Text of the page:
The film’s early scenes feature footage of the cast iron statue of the Roman god Vulcan that overlooks the city of Birmingham. Because I love Vulcan, I watched these scenes several times, and reminisced about my friend Hanna bringing me to see Vulcan when I visited the city to interview for a job, and my friend Leigh Anne’s wedding reception at Vulcan park. But the film has a lot more to offer than Vulcan. It’s humorous and observant and also quite eccentric — there are scenes of bodybuilders running around downtown Birmingham that are unlike anything I’ve ever really seen before. The film isn’t perfect, but it provides meaty roles to a trio of young stars, and might just feature Schwarzenegger’s best performance.
ALSO WORTH WATCHING: Do you want to see even more footage of Schwarzenegger striking body building poses? Then you should watch “Pumping Iron,” the 1977 documentary that follows Schwarzenegger as he competes for his sixth Mr. Olympia title.
Holy Mountain — I caught this 1973 psychedelic head trip at EMPAC a couple weeks ago, and I wasn’t quite sure what to expect. I had seen two of director Alejandro Jodorowsky’s other films, one of which, “El Topo,” I hated, and the other, “Santa Sangre,” I loved.
Well, I pretty much loved “Holy Mountain,” a mesmerizing provocation crammed with bizarre and beautiful imagery and bursting with philosophical and religious ideas. The film tells the story of a thief who is crucified, but later joins an alchemist (Jodorowsky himself) and his band of hand-picked leaders in a search for immortality. While the first part of the film could be construed as a sacreligious attack on organized religion, the middle section is a no-holds barred assault on capitalism and war profiteering, while the third satirizes the quest for transcendence.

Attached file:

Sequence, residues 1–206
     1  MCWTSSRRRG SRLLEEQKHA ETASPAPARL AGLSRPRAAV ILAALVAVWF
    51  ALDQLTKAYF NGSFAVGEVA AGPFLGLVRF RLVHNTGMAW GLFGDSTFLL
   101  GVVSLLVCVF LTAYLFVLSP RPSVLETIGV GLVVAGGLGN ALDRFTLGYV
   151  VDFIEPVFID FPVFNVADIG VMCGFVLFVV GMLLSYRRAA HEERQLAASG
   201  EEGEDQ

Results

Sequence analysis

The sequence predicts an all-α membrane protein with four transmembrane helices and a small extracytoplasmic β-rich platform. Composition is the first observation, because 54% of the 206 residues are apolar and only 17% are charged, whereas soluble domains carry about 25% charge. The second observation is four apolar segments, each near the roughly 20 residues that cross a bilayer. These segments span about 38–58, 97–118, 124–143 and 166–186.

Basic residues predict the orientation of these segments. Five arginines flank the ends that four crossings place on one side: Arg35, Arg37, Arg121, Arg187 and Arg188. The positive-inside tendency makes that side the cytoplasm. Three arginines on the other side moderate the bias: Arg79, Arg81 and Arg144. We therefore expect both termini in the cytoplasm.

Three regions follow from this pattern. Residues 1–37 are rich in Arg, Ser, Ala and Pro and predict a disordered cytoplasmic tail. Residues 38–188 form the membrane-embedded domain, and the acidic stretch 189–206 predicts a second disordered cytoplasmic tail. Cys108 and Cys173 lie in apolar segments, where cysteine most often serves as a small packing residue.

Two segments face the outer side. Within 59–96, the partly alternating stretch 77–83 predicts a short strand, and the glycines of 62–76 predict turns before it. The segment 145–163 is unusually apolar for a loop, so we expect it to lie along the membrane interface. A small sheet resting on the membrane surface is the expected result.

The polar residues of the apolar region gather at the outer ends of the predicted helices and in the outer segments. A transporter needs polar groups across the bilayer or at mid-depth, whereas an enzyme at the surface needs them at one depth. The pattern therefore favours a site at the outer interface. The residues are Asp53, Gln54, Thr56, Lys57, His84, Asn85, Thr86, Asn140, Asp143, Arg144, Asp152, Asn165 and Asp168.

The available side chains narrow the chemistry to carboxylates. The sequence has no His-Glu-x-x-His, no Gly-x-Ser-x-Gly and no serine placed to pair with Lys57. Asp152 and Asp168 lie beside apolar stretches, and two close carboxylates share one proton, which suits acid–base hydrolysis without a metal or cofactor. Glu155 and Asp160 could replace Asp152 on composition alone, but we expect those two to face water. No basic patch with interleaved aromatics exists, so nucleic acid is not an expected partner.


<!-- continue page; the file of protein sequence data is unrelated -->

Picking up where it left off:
Anyway, “Holy Mountain” is a strange, unforgettable journey — one of those films that provokes wildly differing reactions. However, any film that features a reptile circus reenacting the conquering of the New World is probably worth a look.
ALSO WORTH WATCHING: “Santa Sangre.”
Despicable Me — I finally got around to watching this 2010 animated film and found it quite delightful. Steve Carrell is the voice of Gru, a super-villain who adopts three girls as part of his plan to outwit his rival and steal the moon. You don’t have to be a psychic to predict that the three girls will turn Gru into a devoted father figure, and that he’ll grow to enjoy watching their dance classes and having tea parties with them, but the film makes this journey a lot of fun: “Despicable Me” is filled with zany visual flourishes and verbal wit, and Gru is an easy character to root for.
When I worked at summer camp, I played an evil super-villain in our nightly skits, and there were always a handful of kids who cheered for me, and booed the super hero, the virtuous Captain Spunk. Anyway, “Despicable Me” understands the appeal villains sometimes hold for kids, and taps into it quite nicely, before ending on a note of uplift and good feelings.
ALSO WORTH WATCHING: “The Incredibles,” the animated film by Pixar about a family of super heroes.